DriftStories from the 2019/2020 MOSAiC expedition through the Central Arctic
Dear sea ice fans!
With the DriftStories, once a month we’ll introduce a member of the ICE Team and share insights into the background of their research area. Together with the weekly Sea Ice Ticker, these stories will present the sea-ice-related work being done on site in more detail, and help readers understand the role of sea-ice research within the context of the MOSAiC expedition as a whole. We hope you enjoy reading them!
DriftStories – 06: Snow, the great unknown
The number of winter days on which snow falls in the Central Arctic can be counted on one hand. Nevertheless, the amount of snow on the Arctic sea ice is a key factor influencing how quickly the snow grows, and when it begins melting in the spring. But until recently, little has been known about this enigmatic white substance. AWI sea-ice physicists have developed and implemented a unique snow research programme, the first findings of which have attracted considerable interest.
DriftStories – 05: One hot strip of ice
How thick does sea ice have to be for aeroplanes to safely land on it – and how do you patch cracks in the landing strip? These and other questions confronted AWI sea-ice expert Christian Haas and his team when they began constructing a landing strip on the MOSAiC floe, in total darkness. They successfully completed the task – and were the first German polar researchers to ever do so. But the project also showed them that building a runway on the ice is a science of its own.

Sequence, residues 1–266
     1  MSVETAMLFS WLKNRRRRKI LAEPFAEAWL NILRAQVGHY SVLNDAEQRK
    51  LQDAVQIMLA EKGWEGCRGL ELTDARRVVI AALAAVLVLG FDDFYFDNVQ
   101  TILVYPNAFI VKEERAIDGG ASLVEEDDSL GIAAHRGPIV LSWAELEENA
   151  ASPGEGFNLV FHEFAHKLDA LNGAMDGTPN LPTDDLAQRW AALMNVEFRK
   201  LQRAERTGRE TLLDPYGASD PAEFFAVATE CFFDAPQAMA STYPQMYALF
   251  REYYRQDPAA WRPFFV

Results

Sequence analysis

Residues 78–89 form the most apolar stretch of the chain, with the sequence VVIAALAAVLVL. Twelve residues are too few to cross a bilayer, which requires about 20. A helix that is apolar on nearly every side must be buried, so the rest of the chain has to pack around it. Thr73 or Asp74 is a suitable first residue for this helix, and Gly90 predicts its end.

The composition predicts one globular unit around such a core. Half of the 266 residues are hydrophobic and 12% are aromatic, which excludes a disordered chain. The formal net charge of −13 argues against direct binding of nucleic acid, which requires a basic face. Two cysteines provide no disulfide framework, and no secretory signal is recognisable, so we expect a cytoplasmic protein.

DriftStories – 04: Glittering clouds below the ice
The stages involved in the growth of Arctic sea ice could be found in textbooks back when AWI sea-ice physicist Christian Katlein was still at university. Nevertheless, during the MOSAiC expedition the 34-year-old made an exciting discovery: on a routine sweep under the MOSAiC floe with the AWI’s ROV, he observed a phenomenon previously only found in the Antarctic.
DriftStories – 03: Shaking and Quaking
The thickness of Arctic sea ice depends not only on how much seawater freezes into ice during the winter. Another, increasingly important factor: how frequently the ice shakes and breaks up, floes collide and stack up to form ridges. In the following inter-view, AWI environmental physicist Luisa von Albedyll and sea-ice physicist Stefan Hendricks explain why this happens, and why we still need to learn more about the background of the phenomenon.
DriftStories – 02: For a clearer view from space
Satellite observation is the only way to effectively monitor the Arctic sea ice on a broad scale. Yet this approach still has its fair share of weaknesses. Unparalleled control measurements gathered during the MOSAiC expedition will now help to overcome them.